Due to the scale of this war, it was not only military doctors, like Nazar, that were sent to the front. Those who were mobilized, most of whom volunteered in the first days after the Russian invasion on February 24, were also sent.

57-year-old Pavel, like Nazar, is a surgeon. He worked as a civilian all his life. His specialties are cardiac surgery and trauma surgery. After the Russian attack, he took his granddaughters from the city of Dnipro, in the eastern part of the country, to Lviv. He went to work for a few days, but there wasn’t much to do. His conscience tormented him to help the war effort. He believed that he would be able to do more there, and his knowledge would be more useful. He applied to the draft board, where he was quickly assigned.

“I have two sons, but I decided that it is better if I serve,” says Pavel.

His sons–a 33-year-old and a 21-year-old–took up volunteer work, like many Ukrainians in recent months. When the war is over, Pavel doesn’t want to stay in the army. He says he will return to civilian life, where he will continue to work in his profession.

Difficult conditions

Cold air seeps through the leaky and broken windows in the hospital. Military medics operate in field conditions: there is no heating, and there is also no electricity for most of the day. Then the energy is provided by generators that are turned on at fixed times and in emergencies to save lives. That’s why all the staff wear thick clothes and headlamps with which they illuminate the dark corridors. In the evenings, when it gets really cold and dark, they light candles. They then talk about how much they miss home.

However, Pavlo does not complain about these conditions. He says that for many years they did not have proper medical equipment in the hospital in Dnipro, so he got used to such operating conditions. The hardships of everyday life are nothing that he can’t cope with.

So when a man with a shrapnel wound above the chest was brought in, Pavlo took care of him efficiently. He washed, anesthetized, pulled out the splinter stuck in the wound. The patient, a medic himself, was surprisingly calm. He explained that he had run over a mine, and constantly, calmly assured Pavlo that he was fine. Pavlo sewed up his wound. Then, together with the staff, they tightly covered the injured man with a thermal blanket so that the shock would pass. His whole body shook in the bed. Only when it stopped did the rescue team take him out of the hospital.

“His life is not in danger, but he has a long rehabilitation ahead of him. At least a month and a half, says Pavlo. “His clavicle is in pieces.”

The longed-for peace

Svitlana is the same age as Pavlo. She volunteered for service for a similar reason to him. “I went instead of my son. He really wanted to join the army, but he has bronchial asthma, so they didn’t accept him,” she says.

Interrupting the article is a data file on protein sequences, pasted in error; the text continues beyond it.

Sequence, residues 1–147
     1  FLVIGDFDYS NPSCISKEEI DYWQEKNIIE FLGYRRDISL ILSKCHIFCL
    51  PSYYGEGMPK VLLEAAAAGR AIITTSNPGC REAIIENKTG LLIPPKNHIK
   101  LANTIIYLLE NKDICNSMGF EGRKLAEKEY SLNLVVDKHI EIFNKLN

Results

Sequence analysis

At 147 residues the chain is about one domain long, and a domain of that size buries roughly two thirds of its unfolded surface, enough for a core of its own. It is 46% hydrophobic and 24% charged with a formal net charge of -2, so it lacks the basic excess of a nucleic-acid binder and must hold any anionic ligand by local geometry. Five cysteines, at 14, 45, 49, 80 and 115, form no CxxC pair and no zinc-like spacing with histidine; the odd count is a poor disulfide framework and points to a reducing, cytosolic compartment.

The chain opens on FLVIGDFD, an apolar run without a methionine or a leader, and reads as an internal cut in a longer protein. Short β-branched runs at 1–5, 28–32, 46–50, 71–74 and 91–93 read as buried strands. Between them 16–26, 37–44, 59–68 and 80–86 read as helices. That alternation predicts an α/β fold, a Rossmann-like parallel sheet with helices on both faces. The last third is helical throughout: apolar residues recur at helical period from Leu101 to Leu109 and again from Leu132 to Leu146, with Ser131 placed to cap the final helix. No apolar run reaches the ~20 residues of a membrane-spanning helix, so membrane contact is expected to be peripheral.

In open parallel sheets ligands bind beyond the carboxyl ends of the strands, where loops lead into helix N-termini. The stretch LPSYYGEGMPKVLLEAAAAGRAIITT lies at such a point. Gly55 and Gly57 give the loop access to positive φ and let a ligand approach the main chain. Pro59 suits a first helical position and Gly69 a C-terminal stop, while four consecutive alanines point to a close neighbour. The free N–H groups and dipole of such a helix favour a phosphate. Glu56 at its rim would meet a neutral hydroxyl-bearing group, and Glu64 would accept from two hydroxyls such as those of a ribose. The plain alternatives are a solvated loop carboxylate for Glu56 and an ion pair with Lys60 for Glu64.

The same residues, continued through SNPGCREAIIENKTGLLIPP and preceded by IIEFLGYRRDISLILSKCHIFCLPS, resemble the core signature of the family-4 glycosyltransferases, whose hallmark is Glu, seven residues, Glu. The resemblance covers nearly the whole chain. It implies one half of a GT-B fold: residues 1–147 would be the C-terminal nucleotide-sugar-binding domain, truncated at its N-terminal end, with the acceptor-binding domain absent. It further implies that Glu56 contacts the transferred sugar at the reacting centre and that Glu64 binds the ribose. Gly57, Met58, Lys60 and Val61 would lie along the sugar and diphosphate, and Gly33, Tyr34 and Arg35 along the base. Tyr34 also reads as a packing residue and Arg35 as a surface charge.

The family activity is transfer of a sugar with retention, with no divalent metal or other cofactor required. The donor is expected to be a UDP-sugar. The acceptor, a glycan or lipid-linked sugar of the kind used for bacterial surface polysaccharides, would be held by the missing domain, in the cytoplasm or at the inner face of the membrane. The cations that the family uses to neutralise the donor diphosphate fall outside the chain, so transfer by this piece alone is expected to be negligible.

She knew that the war had broken out in earnest even before Vladimir Putin announced it and the first cities were attacked. An air corridor runs over her backyard and since 2014, at the beginning of the war in Donbas, planes to the Donetsk oblast have been flying this way.

“On the morning of February 24, the first plane flew over before war was declared. It was only later that I read that it had actually begun,” recalls Svitlana.

On the second day of the war, she volunteered. She comes from a village in the Cherkasy oblast, where she joined the territorial defense. She cooked and provided medical assistance. They made windlass tourniquets out of fabric and improvised windlasses (bands that tighten and stop bleeding in an emergency), because in the first weeks of the conflict they were in great demand. It was also cold then, and they warmed themselves only by the stove. The cold of the hospital isn’t so unbearable for her. She would return home at night and come to the unit in the morning.

When it became clear that her oblast was safe, Svitlana reported to the draft board. At first they did not accept her, saying that they mainly needed young, strong men. The second time, however, she was assigned to one of the battalions in the rear.

Initially, she was afraid to look at the seriously injured, especially since most of them are her children’s age. Everything changed when she herself ended up in the hospital with rheumatism for two weeks. Soldiers were brought there. Some were missing limbs, with mangled bodies, but the doctors did everything they could to save them.

“I pulled myself together then,” admits Svitlana.

When she came to the Kherson region as a paramedic, she helped everyone who needed it without hesitation. On the second day of full-scale war, Svitlana also began to write poetry. It’s her way of dealing with stress.

In her poems, she praises the Ukrainian soldiers and waits for the longed-for peace, so that no one else will be brought from the front.

This text was originally published in Polish in Tygodnik Powszechny.

Translated from Polish by Lukasz ChelminskiThis piece is part of the DS collection: Dispatches from Ukraine.